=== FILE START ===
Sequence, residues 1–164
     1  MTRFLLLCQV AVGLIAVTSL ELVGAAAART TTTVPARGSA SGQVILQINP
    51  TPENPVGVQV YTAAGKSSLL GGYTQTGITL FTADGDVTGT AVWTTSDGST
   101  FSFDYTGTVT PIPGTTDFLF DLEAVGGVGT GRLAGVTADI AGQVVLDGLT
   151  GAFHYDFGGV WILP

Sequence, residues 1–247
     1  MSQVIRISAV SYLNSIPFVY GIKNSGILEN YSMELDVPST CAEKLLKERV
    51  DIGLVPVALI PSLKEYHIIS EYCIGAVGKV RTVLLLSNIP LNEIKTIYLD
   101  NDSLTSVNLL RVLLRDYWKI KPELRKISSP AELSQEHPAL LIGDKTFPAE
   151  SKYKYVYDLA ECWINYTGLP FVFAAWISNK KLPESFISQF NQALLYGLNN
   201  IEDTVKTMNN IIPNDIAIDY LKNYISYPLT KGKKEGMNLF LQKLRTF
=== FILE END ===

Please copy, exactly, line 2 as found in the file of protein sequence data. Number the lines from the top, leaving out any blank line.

     1  MTRFLLLCQV AVGLIAVTSL ELVGAAAART TTTVPARGSA SGQVILQINP